Fiji media group says news report brought disrepute to the govt
Fiji's Media Industry Development Authority says an Australian journalist's claims have brought disrepute to the government and is suspending all collaboration with the ABC and a Pacific Media project.
Fiji's Media Industry Development Authority says an Australian journalists claims' have brought disrepute to the government and is suspending all collaboration with the ABC and a Pacific Media project.
MIDA director Matai Akauola says they are calling for a public retraction by the Australian Broadcasting Corporation and its Pacific correspondent Sean Dorney.
Mr Akauola says their main concern is over an interview Mr Dorney gave following last month's Pacific Media Summit in Noumea in which he told an ABC presenter that there was a feeling that media freedom in Fiji wasn't as open as it should be.
Bridget Tunnicliffe asked Mr Akauola what their issue is.
MATAI AKAUOLA: Well the main concern was the manner in how they generalised the state of freedom in Fiji and for us that was kind of far off from what we are in right now. We feel that the matter should have been more clearer. We were at the same conference but he did not speak to us and was speaking to media colleagues from around the region who haven't been in Fiji for some time. So there has to be evidence instead of generalising the whole situation here in Fiji. He should try and have evidence and speak to the very people who live in Fiji in regards to how we deal with the issue of media freedom in the country, you know we've gone past 2006 and the situation has changed, it is 2014 so we're saying it's about time that journalists get their facts straight.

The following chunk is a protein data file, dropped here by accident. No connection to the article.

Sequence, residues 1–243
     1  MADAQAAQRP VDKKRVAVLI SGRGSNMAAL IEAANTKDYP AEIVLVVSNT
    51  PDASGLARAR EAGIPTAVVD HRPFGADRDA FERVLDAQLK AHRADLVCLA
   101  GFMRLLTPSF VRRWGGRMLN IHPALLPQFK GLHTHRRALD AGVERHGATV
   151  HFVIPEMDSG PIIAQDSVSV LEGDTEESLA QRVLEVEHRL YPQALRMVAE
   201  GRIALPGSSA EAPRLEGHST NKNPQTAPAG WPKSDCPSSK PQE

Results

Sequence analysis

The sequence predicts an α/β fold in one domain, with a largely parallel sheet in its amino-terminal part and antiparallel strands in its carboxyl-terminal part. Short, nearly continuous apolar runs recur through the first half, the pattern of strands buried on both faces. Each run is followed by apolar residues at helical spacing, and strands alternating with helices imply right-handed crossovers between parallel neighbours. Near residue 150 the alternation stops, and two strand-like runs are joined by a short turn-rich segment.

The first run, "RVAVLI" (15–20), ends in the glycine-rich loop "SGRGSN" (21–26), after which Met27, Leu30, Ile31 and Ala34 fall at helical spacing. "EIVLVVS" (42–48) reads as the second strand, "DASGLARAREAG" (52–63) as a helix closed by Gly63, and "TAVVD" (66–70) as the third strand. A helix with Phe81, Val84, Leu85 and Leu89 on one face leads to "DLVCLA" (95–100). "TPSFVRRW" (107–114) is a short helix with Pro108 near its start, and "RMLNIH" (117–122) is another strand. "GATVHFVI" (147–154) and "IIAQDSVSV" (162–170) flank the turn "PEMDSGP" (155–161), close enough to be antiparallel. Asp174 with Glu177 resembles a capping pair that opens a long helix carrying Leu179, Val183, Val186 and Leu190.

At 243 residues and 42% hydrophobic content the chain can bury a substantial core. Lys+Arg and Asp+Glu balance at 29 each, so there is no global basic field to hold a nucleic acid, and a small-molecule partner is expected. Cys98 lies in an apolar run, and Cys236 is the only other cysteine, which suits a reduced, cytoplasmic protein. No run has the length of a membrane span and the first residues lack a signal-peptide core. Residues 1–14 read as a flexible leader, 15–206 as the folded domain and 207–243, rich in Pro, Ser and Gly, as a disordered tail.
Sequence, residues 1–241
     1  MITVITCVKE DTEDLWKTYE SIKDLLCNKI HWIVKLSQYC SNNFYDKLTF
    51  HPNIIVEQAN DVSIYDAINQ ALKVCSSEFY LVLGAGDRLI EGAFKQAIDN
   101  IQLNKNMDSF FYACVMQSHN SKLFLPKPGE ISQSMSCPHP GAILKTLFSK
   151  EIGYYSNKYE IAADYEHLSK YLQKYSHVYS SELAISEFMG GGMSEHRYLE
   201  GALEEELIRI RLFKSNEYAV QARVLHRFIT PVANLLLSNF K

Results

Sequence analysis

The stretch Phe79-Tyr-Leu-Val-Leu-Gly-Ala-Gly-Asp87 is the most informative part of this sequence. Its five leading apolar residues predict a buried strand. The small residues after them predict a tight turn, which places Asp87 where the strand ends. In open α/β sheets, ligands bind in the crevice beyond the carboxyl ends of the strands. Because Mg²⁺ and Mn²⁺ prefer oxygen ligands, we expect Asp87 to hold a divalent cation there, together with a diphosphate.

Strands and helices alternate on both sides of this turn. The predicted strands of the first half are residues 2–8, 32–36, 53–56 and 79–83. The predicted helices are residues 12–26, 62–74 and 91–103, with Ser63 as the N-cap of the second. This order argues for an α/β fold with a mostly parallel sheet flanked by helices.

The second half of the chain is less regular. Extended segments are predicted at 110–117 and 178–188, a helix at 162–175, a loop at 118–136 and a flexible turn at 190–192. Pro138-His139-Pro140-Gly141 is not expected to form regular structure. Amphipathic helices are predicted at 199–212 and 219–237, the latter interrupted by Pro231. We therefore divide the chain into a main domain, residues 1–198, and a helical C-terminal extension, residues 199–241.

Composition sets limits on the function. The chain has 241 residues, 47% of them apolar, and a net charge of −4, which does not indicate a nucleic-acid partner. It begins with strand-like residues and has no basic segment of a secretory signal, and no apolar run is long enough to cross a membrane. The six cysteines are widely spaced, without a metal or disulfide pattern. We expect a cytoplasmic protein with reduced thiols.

BRIDGET TUNNICLIFFE: So as a result the Authority has decided to suspend all collaboration with the ABC and PACMAS [Pacific Media Assistance Scheme] until such a time when an official retraction has been received, do you think you will get that retraction?
MA: You know we hope that it will come through however looking at their response where they are asking us to now take the matter up with another authority in Australia so we feel that we cannot control what is happening in Australia but we can control what is happening in Fiji.
BT: How come we don't seem to hear from local Fijian journalists or news editors about how they feel the media environment or freedom is in Fiji. How come we never seem to hear from them?
MA: I don't know, have you questioned them, have you talked to them?
BT: We have tried in the past and there is a great reluctance [from Fijian media to discuss press freedom].
MA: Well I could not vouch for that but according to the Fijian constitution we are telling our media people that they have every right, there's media freedom of the media in the Constitution and that goes with the media decree that we have in place.
BT: In your press release you've said that Mr Dorney's claims have brought disrepute to the Fijian government, on the cusp of national elections, potentially shattering the confidence of its citizens and the international community - don't you think you're being over-sensitive?
MA: No, like I said we're talking about facts, we're telling you what's happening in Fiji and you cannot continue to assume that these are things that don't affect our country because what you are trying to portray, it affects a nation.
BT: Governments around the world are subject to criticism on a daily basis, why is the Fiji government so paranoid about receiving criticism?
MA: Well, that's your point, I'll leave that to you, for you to answer that yourself, but you know Australia and New Zealand, you cannot dictate to us how we run things here, that's what we're talking about.
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